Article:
So, we need to know what the real, number is, and indeed what the real problems are. We need to also, I guess it really is about recognizing that we need to work together on this. Let's do things like if we're going to recruit, let's take the bias out of recruitment, and this is good for diversity generally. Right? So, and how do you do that? Well, you ask HR and HR hate this, cause they're always under the pump, but you ask HR to present the first round of CVs and application that is to you blind.

And when I say blind, I mean, no photos, no pronouns, no nouns, no names. And certainly not the names of universities, because it might be an all-female college or it might be, or it might be, somewhere from a foreign land. So, you take all of that out. And so, what you're looking at is the core competencies of that person. So, you make a decision to go to the next round, not based on any of your biases, right? Cause we all have them. We all have conscious and unconscious biases, right? And so, it takes the baggage away from us. So, we end up, we get to the point where we're going to interview people and that's perhaps the first time that we know we have three women and one man, you know. So that's one way that we can, we can do that is to make sure that we take the bias out.

Garrett O'Hara: It's a huge conversation. And definitely not anything we can do justice to in the next 20 minutes or whatever. But one, one of the things that I've sort of read a little bit about in the last week, and probably because, you know, these stories are being pushed to the forefront and it was actually The Big Issue, I think it was one of the articles was around some of the challenges that,  arise as, as a female going through kind of education processes or things like menstruation can affect your ability to be in a place to learn.

And while that might affect, you know, people in Australia, when you go to other, eh, less developed or developing countries, like that's a huge or a bigger issue, it's, it's, it's just enormous. And there's things like as a man, you just, it never occurs to me because I've never dealt with it. But how do you change the understanding of those challenges?

Jo Stewart-Rattray: You might be horrified to know that in Australia, we also have what we call period poverty. We do have young, we have young women in often in remote communities, who cannot go to school because they do not have the money to buy those sanitary products because they are not inexpensive. So that's a problem. We certainly see that problem in, in Africa, and, and many developing countries, um. And so what happens is we see young women begin to fall behind their male peers at school because it's at least a week, a month they're not able to go to school. So, we need to be looking at how do we connect those young women to education, so they don't fall behind. We have to look at ways of connecting them. Now in the Australian Bush, that is a real issue, right? Because connectivity is not necessarily brilliant and there's not necessarily the money for internet connectivity outside of school. So, we have to really start thinking hard on how we deal with this.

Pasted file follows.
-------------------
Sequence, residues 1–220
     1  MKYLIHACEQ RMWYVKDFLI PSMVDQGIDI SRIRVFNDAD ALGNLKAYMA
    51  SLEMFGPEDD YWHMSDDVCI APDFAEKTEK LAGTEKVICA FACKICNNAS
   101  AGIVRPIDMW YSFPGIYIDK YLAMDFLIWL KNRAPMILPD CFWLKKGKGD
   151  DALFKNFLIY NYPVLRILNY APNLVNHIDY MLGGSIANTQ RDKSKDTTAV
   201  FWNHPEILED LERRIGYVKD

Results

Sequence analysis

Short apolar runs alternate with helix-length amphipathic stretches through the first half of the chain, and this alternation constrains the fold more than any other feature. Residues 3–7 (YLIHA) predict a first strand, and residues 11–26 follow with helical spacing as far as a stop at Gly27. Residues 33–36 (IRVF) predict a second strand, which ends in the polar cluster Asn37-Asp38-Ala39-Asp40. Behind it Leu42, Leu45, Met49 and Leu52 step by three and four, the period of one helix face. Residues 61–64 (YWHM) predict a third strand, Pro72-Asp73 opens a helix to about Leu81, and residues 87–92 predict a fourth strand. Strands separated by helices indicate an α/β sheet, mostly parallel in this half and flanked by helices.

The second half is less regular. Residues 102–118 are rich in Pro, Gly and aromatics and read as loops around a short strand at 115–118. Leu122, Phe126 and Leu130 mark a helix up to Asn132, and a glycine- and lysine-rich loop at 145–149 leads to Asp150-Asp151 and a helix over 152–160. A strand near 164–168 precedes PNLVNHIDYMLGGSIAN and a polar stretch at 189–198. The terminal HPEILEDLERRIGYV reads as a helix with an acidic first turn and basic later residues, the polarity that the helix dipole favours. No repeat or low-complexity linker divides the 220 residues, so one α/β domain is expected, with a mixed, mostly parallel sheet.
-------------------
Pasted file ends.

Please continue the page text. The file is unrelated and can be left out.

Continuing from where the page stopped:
Garrett O'Hara: Yeah, totally agree. And, and there's well established correlation between female education and general societal wellbeing. Like it's, it's not magic. We know, we know how important work the, the, how big the effects can be and how important this stuff is.

Jo Stewart-Rattray: We actually have a.... the effects are actually can be on the bottom line of countries.  Julie Bishop, when she was Foreign Minister of this country made a statement, exactly to that effect, that we need to consider, how we empower women and girls to ensure that the country is also, empowered.

Garrett O'Hara: It's a, you know, what is it? Just, 50% of the population

Jo Stewart-Rattray: 51%.

Garrett O'Hara: Yeah.

Jo Stewart-Rattray: 51% of women, 51% of, of us hold up the sky.

Garrett O'Hara: There you go. That's, that's like something on a t-shirt.

Jo Stewart-Rattray: Yeah, it should be a t-shirt.

Garrett O'Hara: It should. Yeah. There's an organization called Do It In a Dress.  which-

Jo Stewart-Rattray: Oh, yes, yes.

Garrett O'Hara: Uh. Do you know them? Yeah. So, we did some stuff with them a few years ago. It's so much fun.  but actually a friend had asked for the photos, so I got to see myself on a mountain bike, in a dress. And one of my favorite photos of me, bizarrely is in a dress.  anyway-

Jo Stewart-Rattray: We're not going to, we're not going to... yeah, we won't go into that too deeply. Because that might be a whole other podcast.

Garrett O'Hara: Yeah. There's, there's a whole conversation there and let's best, best not to have it right now. Let's, let's put it, put it away.

Jo Stewart-Rattray: [crosstalk 00:08:50] But you know, you raised some really good points about that. One of the things that I will just, just say also is that in some countries in Africa, productivity is not actually an issue, because the whole country is connected. Um, and, and indeed connectivity is free to the citizens, citizens re, but what is not necessarily free are the devices by which they connect.

Garrett O'Hara: Yep.